We assessed whether the residential built environment was associated with physical activity (PA) differently on weekdays and weekends, and contributed to socio-economic differences in PA.
Measures of PA and walkability, park proximity and public transport accessibility were derived for baseline participants (n = 1,064) of the Examining Neighbourhood Activities in Built Living Environments in London (ENABLE London) Study. Multilevel-linear-regressions examined associations between weekend and weekday steps and Moderate to Vigorous PA (MVPA), residential built environment factors, and housing tenure status as a proxy for socio-economic position.
A one-unit decrease in walkability was associated with 135 (95% CI [28; 242]) fewer steps and 1.2 (95% CI [0.3; 2.1]) fewer minutes of MVPA on weekend days, compared with little difference in steps and minutes of MVPA observed on weekdays. A 1km-increase in distance to the nearest local park was associated with 597 (95% CI [161; 1032]) more steps and 4.7 (95% CI [1.2; 8.2]) more minutes of MVPA on weekend days; 84 fewer steps (95% CI [-253;420]) and 0.3 fewer minutes of MVPA (95%CI [-2.3, 3.0]) on weekdays. Lower public transport accessibility was associated with increased steps on a weekday (767 steps, 95%CI [–13,1546]) compared with fewer steps on weekend days (608 fewer steps, 95% CI [–44, 1658]). None of the associations between built environment factors and PA on either weekend or weekdays were modified by socio-economic status. However, socio-economic differences in PA related moderately to socio-economic disparities in PA-promoting features of the residential neighbourhood.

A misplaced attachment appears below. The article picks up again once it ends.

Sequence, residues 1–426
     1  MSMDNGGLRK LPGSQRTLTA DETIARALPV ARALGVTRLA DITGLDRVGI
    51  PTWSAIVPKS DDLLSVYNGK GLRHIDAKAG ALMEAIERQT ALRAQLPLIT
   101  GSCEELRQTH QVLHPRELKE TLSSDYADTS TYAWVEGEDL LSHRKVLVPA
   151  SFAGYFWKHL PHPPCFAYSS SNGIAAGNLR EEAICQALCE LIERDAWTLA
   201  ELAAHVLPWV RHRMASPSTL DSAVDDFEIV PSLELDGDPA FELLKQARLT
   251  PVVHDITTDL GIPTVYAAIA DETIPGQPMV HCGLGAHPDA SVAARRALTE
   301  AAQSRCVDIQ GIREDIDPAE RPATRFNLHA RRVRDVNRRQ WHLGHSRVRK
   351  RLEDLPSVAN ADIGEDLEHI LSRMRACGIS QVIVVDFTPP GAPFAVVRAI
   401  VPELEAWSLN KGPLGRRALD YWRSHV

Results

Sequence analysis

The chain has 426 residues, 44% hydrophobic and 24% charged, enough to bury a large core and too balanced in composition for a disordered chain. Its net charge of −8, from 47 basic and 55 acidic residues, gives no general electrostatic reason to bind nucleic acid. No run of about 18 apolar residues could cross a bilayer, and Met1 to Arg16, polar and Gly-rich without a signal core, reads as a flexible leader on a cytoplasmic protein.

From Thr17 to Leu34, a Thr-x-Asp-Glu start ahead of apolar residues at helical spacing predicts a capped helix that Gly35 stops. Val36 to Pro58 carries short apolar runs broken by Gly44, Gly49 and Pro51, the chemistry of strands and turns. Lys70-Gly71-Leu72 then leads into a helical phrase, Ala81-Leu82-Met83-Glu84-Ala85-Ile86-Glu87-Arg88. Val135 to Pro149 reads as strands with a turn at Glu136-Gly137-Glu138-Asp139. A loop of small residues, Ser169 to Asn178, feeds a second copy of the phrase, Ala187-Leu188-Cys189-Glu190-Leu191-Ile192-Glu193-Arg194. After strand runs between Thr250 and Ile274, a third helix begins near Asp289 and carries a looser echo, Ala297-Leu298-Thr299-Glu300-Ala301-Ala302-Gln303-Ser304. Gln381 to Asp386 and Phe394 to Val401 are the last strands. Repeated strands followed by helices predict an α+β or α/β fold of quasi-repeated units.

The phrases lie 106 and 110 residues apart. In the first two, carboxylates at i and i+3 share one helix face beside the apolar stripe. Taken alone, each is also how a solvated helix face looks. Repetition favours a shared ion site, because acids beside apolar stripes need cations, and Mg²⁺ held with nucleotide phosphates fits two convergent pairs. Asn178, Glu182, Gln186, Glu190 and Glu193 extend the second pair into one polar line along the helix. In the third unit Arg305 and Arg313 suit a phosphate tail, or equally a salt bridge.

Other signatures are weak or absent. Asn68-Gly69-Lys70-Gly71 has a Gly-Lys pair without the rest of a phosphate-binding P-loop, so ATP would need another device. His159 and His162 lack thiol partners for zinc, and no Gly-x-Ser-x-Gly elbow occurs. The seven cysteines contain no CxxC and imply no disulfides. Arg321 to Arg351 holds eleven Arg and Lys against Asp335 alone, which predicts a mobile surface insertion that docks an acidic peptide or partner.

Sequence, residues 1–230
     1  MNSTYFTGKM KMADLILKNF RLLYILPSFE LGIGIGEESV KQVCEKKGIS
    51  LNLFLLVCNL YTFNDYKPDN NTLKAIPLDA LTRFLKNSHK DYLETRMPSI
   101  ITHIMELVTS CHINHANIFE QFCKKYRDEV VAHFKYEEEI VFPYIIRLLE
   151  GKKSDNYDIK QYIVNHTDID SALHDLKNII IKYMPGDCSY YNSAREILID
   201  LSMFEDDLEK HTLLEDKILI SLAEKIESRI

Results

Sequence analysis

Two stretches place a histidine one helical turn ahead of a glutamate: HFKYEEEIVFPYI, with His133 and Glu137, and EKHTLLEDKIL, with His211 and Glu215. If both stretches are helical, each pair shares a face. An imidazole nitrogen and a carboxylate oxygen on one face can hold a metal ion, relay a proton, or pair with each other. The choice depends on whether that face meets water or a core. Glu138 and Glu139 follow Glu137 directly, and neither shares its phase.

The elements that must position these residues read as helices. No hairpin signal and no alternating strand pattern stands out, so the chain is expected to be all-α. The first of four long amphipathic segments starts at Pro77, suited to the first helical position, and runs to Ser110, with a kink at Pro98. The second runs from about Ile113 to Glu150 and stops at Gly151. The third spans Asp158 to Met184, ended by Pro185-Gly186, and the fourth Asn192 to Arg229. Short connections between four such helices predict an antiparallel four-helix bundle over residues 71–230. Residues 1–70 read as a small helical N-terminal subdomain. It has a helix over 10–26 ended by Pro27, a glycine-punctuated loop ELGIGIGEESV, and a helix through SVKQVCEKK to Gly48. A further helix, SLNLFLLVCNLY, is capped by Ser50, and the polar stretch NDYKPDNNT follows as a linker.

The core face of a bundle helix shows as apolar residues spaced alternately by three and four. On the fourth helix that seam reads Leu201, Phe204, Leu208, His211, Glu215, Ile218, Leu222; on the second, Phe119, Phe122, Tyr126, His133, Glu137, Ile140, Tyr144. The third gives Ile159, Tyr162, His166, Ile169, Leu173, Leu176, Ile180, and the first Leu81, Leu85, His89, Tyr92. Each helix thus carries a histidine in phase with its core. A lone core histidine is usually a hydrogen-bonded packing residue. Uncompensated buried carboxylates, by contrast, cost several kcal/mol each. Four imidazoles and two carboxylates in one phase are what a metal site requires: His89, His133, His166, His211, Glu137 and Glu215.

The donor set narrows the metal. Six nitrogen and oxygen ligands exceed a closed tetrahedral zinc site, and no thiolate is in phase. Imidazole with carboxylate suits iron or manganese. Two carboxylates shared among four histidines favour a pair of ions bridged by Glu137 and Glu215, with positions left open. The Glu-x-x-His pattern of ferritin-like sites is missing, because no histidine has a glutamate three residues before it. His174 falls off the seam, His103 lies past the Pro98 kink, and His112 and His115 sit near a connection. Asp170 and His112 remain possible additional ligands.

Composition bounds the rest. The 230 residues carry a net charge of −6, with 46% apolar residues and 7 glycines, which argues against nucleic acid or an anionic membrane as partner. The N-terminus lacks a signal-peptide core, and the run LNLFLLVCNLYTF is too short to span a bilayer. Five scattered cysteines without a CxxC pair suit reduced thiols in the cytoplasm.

The residential built environment is associated with PA differently at weekends and on weekdays, and contributes moderately to socio-economic differences in PA.
- SPS Exercise, Nutrition and Health Sciences
- built environment
- physical activity
- social inequalities
- neighborhood walkability
- park proximity
- public transport accessibility